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Re: RFC 3205 background (HTTPSubstrate-16)

From: Rob Lanphier <robla@real.com>
Date: Mon, 8 Apr 2002 14:16:53 -0700 (Pacific Daylight Time)
To: "www-tag@w3.org" <www-tag@w3.org>
Message-ID: <Pine.WNT.4.43.0204081410230.146-100000@robla350.dev.prognet.com>
Keith's points below are very strong points in favor of RFC 3205, and have
nothing to do with possible proxy rewriting of HTTP.  I think the
proxy issues are a bit of a distraction in this conversation; *any*
traffic is going to be susceptable to interception.

The thing I find appealing about these arguments is that they speak to the
operating system/application boundry issues.  Any serious architecture is
going to have to make recommendations as to what is a service of the
operating system, and what is an application that rides on top of those


On Fri, 5 Apr 2002, Keith Moore wrote:

> > [...]
> > ] Addressing these in bullet item order, the definitions of "traditional
> > ] HTTP service" and  "new service" are not clear.  It is very difficult to
> > ] characterize HTTP traffic in a meaningful way since every URI is
> > ] potentially a "new service" in some fashion. Using the dataset referenced
> > ] doesn't follow the spirit of the World Wide Web and resources of many
> > ] types can co-exist in similar URI namespaces.
> The reason for the data-set rationale is that each server process forms a kind
> of trust boundary - it has permissions granted to it by the operating system,
> which affect the data (files) that the server can access.   Also, typically
> only one process can be listening for incoming connections on any particular
> port.  when there is a need for different services to access different sets
> of data which require different permissions, it is often easier and more
> secure to implement those services on separate server processes (and this
> implies separate ports) than to expect one process to securely implement all
> of those services without leaking information between one service and other.
> With the latter approach, the compromise of a single server potentially
> compromises all of the data that can be accessed by any of those services.
> Also, on many systems there is no way to say "process X has permission
> to access files owned by user A, B, C, F, H, Q, and Z" - either process X
> has permission to access files of one user, or those of all users.
> So it may be that the granularity of permissions on most operating systems
> doesn't "follow the spirit of the World Wide Web" but this language in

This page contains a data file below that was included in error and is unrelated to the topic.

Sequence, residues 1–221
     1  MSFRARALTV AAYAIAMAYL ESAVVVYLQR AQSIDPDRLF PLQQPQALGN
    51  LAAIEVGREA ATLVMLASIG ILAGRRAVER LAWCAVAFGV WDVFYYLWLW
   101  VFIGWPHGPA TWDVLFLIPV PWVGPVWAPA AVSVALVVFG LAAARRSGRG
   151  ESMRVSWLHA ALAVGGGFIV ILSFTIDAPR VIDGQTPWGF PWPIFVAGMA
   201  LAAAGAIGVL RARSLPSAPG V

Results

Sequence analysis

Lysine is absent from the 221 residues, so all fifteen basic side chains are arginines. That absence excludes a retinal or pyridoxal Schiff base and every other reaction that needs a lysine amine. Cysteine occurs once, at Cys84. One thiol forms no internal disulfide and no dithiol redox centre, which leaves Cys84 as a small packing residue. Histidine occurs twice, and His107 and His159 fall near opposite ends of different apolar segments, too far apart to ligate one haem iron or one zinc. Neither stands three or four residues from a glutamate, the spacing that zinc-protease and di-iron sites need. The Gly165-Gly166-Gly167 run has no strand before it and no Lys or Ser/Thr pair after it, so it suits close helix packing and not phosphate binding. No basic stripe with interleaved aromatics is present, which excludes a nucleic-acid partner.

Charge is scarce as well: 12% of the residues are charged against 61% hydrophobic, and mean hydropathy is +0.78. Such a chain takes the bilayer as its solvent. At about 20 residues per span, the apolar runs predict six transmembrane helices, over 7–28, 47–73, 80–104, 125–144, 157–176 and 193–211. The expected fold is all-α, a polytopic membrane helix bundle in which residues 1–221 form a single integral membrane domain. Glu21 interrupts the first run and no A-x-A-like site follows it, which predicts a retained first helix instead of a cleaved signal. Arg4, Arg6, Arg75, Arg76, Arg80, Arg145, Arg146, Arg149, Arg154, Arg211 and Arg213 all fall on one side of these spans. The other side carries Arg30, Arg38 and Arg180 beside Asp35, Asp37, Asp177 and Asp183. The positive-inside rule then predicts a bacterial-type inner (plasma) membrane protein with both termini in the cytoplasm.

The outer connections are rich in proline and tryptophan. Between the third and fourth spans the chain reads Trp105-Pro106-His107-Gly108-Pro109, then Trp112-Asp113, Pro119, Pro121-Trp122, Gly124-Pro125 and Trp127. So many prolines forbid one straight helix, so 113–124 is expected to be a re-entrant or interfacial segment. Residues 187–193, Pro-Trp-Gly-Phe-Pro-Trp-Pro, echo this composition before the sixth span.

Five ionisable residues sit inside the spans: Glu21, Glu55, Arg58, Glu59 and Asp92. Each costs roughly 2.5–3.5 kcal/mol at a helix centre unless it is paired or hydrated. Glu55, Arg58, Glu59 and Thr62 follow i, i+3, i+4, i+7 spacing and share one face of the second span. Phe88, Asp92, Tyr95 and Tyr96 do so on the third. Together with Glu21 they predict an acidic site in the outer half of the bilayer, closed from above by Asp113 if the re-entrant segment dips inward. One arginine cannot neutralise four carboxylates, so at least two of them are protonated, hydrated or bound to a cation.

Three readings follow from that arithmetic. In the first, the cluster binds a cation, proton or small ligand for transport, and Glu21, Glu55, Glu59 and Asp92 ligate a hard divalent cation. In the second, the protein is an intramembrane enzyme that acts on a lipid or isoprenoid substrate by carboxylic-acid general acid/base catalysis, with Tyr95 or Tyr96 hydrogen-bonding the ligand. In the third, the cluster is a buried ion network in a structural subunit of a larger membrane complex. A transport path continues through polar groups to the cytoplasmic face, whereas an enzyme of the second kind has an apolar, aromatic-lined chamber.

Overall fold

> 3205 was just trying to reflect that reality.  I don't think the web
> architecture should constrain people to put each permission domain on a
> separate host, or to assign multiple IP addresses per host, just so they
> can use port 80 for everything.  People can do that if they wish, of course,
> but I don't think the architecture should insist on it.  And there's no
> way I'm going to recommend that people run their web servers as root.
> > ] Utilization of dedicated ports to filter services on the Web
> > ] would not address all security issues and would be expensive in terms of
> > ] number of ports in use and enterprise support requirements.
> Certainly true, and I've never claimed that it would.  Ports are only
> a crude tool. They're not even close to a complete security solution,
> but they can make the other aspects of the solution more manageable.
> > ] Significant
> > ] reconfiguration of enterprise infrastructure and additional implementation
> > ] and support costs may be avoidable if a layered approach can be used to
> > ] meet security, filtering and support requirements.  Furthermore, it is not
> > ] clear how allocating new port numbers is consistent with the desire for
> > ] limiting use of new port numbers as has been seen in the case of SSL.
> The SSL problem has only a tiny bit to do with port exhaustion and more
> to do with "downgrading" - the practice of (for some protocols) trying
> SSL first, and if that fails, trying the non-SSL port.  and the problem is
> that this is easy to attack and provides a false sense of security.
> (admittedly, in-band negotiation of SSL only raises the bar a little bit)
> in general, opportunistic encryption is very hard to do, but that doesn't
> prevent people from trying naive approaches to it.
> > ] While we do not support the specification of bindings to HTTP for the
> > ] purpose of circumventing firewall policies, if a protocol uses the
> > ] documented application semantics and extensibility features of HTTP 1.1,
> > ] it should not be discouraged from using port 80.
> I have to disagree with the last statement - for reasons recently stated,
> there are often good reasons to discourage dissimilar services from all
> using port 80.
> > Also, I for one would be interested in your response to our comments, if
> > you could find them.  I don't know if the TAG would or not.
> I'll see if I can dig them up.
> Keith
Received on Monday, 8 April 2002 17:14:04 UTC

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